Harris had shown him how to polish a sword not too long ago. The meticulous work felt similar to how he helped Alaban prepare plants for his potions, stripping leaves or crushing seeds into powders. He could almost forget why he was there for a while as he smoothly and simply became a part of life and what other people did. People could go on forever just like this. But not…him.
Keenin wondered if Dia would be disappointed. She had prepared him to fight back and he had not moved an inch. He had not found Iscara. He claimed to want a life so amazing and bold, full of courage and new experience, but he had remained where fate had put him. Truth was, he was breaking apart. He was lying to his friends. He was forcing others into positions that suited him. For the price of more time alive he was becoming a cheating, dirty villain who didn’t care about others. It wasn’t a situation he could escape when fate deemed that every path led back here.
As for Dia, seeing her again and facing up against what she thought of him now, was more terrifying than facing a god. Everything between her and him were now made up ideas in his head. It had been so long since they had last seen each other that Dia might not even remember him, or like him. So what was the point in waiting? If he was being honest, Clide could take care of her.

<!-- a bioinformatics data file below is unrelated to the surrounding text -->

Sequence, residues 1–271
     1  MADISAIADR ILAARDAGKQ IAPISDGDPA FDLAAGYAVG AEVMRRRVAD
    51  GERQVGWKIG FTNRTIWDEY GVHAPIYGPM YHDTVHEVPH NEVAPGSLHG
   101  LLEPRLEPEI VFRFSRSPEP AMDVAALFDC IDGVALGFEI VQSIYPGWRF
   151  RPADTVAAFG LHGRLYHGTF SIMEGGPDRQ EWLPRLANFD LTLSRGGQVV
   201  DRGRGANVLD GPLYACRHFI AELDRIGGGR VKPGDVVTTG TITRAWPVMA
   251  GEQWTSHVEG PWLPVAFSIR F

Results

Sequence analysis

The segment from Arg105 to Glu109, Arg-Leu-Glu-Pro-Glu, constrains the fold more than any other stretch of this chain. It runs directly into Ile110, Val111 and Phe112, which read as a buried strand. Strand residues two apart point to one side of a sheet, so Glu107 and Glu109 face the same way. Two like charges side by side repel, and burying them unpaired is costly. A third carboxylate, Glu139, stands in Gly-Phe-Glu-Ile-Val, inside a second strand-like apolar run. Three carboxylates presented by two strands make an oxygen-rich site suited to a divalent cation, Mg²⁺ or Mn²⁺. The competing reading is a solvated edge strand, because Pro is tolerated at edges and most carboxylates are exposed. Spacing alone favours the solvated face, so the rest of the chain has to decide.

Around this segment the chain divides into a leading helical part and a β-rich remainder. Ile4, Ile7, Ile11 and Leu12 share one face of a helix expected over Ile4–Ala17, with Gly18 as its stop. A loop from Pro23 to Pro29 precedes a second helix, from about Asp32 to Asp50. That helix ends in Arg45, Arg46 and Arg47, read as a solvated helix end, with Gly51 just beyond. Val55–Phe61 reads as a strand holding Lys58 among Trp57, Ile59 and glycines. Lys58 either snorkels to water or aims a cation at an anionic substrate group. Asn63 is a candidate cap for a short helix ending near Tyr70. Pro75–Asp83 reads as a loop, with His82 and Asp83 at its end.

Keenin paused in his work, drew in a deep breath and sighed.
Still. Death was a harsh bargain. Out of all the decisions he had to make, did it have to be that.
“I’m always stuck doing all of the work,” Keenin commented to himself.
Keenin felt a sharp hollow whack on the side of his head and confusedly looked up. His scabbard clattered to the floor from where it had been held by a blur in the air. He thought that maybe Dia…
“Nice job making the situation worse,” came the voice of Tess.
“Tess,” he said surprised.
Realizing that it was her he looked away.
Smudgy might have been the correct description, but it was never good to insult a girl. He was grateful not to have admitted anything in front of her. He was oddly embarrassed and annoyed.
“I picked up a trick on my way with…glee. It was a very, uh, fun trip,” Tess finished.
She seemed more awkward and genuine than usual, but he didn’t want to hear the old saying of ‘I told you so’.
“Go away,” Keenin told her stubbornly.
She was like a bad reminder.
“Hmmm, don’t you have the wrong idea here. You aren’t supposed to let the evil guy win the war.”
There it was, the usual persuasion.
“Iscara isn’t tying to kill me,” Keenin protested weakly.
And since when did she care. Tess just wanted him dead.
“Do you think Iscara would stop at one City?”